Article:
Matthew tells of people going about their daily lives and being utterly surprised by what happens – like people caught out by a sudden earthquake or flash flood. We know the unexpected happens – cutting across people’s plans and lives – but do we ever prepare for it? People know they will die but so many never get round to writing a will …

In Advent we are reminded that Christ’s coming in glory – the final establishment of God’s Kingdom – could come at any time and we are exhorted to be vigilant, to live the ordinary routines of our lives but to live them well.  To try to live as we would want Jesus to find us living.

The man whose story I have told had a profound and life changing experience and he responded and made big changes – more focused on love and healing and people.  He broke cycles of anger and desire for materialistic rewards.  What would it take for any of us to break our less good habits and attitudes and live the kind of live that we would be happy to be found engaged in if Jesus returned today or tomorrow? If Jesus returned today or tomorrow would we be able to welcome his gaze or would we look away, saying “I’m not really ready. My life’s a bit of a shambles.  If I’d known it was today I’d have done all those things I’ve intended to but have always put off.”

Jesus knows our lives are sometimes difficult and that we struggle in many ways with current circumstances and pressures – but are we living surrounded by life-clutter that we know we should have sorted out long ago? Are we holding on to anger or resentments or cold-hearted attitudes or are we trying to live lives of love and mercy and grace?

Advent gives us time to reflect on God’s promises and the visions of peace and love from prophets like Isaiah. I heard a Bishop in a black-led Pentecostal church say “Don’t let your memories destroy your dreams”. Memories of rejection or hurt can get in the way of us going after or believe in our dreams. Don’t let the bad things of this world take your faith and hope in the promises of God.

We have seen again this week in our news how bad memories can dog people for years.  As Christians we believe we can bring all these bad memories, hurts and damage to Jesus and let him love and enfold us and ultimately set us free us from their power. We all need to find a way to live with hope and faith, to live with joy and expectation and with mercy and love.

In our uncertain and sometimes cruel, hard and violent world we need to hold on to the vision and promise of God. We need to live lives as worthy of God as we can manage and to ask for the Holy Spirit to help us. We need to look forward to the time when God’s promises will be fulfilled. Jesus will come in glory.May we all be able to say with enthusiasm – Come Lord Jesus, may we welcome your Advent here.


Anne Grant – Reader

Why Me?

The Fourth Sunday of Advent

Sermon preached by Kath Boyd – Reader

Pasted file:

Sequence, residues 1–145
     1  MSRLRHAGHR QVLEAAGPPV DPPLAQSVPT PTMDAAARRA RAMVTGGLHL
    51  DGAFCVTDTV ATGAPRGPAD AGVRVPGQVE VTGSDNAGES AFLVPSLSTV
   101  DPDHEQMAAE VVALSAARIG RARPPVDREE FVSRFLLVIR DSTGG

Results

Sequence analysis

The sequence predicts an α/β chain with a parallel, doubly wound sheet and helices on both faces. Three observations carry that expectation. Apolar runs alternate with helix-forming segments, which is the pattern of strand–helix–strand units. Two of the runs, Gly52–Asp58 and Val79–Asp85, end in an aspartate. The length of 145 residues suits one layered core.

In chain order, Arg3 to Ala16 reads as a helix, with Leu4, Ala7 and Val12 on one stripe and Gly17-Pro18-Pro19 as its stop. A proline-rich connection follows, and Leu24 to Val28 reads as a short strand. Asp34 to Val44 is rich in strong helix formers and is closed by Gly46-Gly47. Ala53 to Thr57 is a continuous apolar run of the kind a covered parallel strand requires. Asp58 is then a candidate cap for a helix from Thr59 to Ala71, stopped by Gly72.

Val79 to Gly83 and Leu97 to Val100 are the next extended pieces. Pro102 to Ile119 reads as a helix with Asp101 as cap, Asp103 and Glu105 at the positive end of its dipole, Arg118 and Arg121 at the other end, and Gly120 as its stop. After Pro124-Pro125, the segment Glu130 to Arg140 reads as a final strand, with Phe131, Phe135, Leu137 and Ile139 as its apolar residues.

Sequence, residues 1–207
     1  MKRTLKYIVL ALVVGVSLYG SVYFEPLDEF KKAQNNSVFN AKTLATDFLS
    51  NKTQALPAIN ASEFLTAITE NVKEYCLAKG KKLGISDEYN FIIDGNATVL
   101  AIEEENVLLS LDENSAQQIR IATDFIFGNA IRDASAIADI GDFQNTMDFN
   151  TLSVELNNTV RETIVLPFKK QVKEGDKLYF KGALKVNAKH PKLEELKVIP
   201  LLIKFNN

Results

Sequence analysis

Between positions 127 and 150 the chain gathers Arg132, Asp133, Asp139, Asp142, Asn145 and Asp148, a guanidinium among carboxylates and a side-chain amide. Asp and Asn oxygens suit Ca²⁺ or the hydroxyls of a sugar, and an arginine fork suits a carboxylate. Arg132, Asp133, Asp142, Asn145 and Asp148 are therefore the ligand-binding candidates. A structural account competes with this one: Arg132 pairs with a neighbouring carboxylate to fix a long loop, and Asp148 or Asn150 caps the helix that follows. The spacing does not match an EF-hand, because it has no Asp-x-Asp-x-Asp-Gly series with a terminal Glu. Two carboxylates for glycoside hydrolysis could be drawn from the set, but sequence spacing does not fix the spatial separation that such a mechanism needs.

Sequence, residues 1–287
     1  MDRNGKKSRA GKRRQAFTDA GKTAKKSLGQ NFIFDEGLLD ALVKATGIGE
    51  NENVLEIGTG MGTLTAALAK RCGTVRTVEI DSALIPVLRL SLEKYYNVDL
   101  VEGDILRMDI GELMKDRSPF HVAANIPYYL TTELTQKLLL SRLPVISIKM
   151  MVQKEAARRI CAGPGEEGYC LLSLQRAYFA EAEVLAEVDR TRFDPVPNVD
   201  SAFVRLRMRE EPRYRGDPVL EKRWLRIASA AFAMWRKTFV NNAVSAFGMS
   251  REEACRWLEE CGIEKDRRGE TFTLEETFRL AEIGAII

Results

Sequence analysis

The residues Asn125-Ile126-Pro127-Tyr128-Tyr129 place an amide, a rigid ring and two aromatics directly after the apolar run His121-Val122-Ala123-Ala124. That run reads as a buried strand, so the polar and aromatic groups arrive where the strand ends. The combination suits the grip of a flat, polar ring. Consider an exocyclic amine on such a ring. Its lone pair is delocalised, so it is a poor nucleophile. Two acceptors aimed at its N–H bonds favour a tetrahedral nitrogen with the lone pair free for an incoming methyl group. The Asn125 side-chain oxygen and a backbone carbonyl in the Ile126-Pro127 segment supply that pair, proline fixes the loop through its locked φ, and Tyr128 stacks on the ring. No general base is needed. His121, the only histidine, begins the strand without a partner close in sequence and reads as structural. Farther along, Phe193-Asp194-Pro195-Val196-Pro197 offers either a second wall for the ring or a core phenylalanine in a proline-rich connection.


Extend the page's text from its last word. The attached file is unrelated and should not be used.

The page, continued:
Have you ever asked yourself the question “why me”? I know I have. It’s usually in a sort of tone that says “why me, how come I’m the one who got stuck with this rotten job, why am I the one who got lumbered with this, why am I the one who missed out, or something similar, why me??? Have you noticed that we seldom ask “why me?” When something good happens? Most likely we just think that’s great or think that we probably deserved our good fortune. When we ask the “why me?” sort of question we are usually feeling a bit hard done to and perhaps a little sorry for ourselves. It isn’t fair! Or so we think.

As I just said, I used to say or think this quite often, particularly if I seemed to be having a run of bad luck. Then one day I asked myself “well, why not me?” And I couldn’t really come up with a reason. Sometimes life just works out that way and in the grand scheme of things there is no special reason why I should not have my share of difficult or unpleasant or anxiety provoking tasks and happenstances than anyone else. So a few years ago I decided to stop saying why me or at least try to and I think this has helped me to have better outlook on life. I certainly don’t waste as much emotional energy on a question that can’t really be answered.

When I was thinking about what I would talk about in this sermon and I read the passage from Luke about Mary visiting Elizabeth I must admit that at first I couldn’t think of anything to add to the story as it stands, but as I looked at the passages either side of it I wondered if Mary had ever thought “why me?” One of the things we have come to believe about Mary is that she was probably quite young when she became Jesus’ mother, possibly around fourteen years of age which is very young indeed to become a mum and I think it would be safe to say that for most young girls or women of that age the prospect of giving birth and motherhood would probably be quite scary even if it was or is culturally more usual than it is for our society. I was just twenty when I had my first child and believe me I was scared.

We hear about the visit of the Angel Gabriel who announces to Mary that she has found favour with God. We are not told that she was scared by this but that she was “perplexed” about what it meant. When the Angel tells her what will happen and about the destiny of her child she asks a very practical question, “How can this be, since I am a virgin?” When she is given the explanation and the news about her relative Elizabeth’s pregnancy she simply accepts everything and says “Here am I, the servant of the Lord; let it be with me according to your word.” she doesn’t ask “Why me?”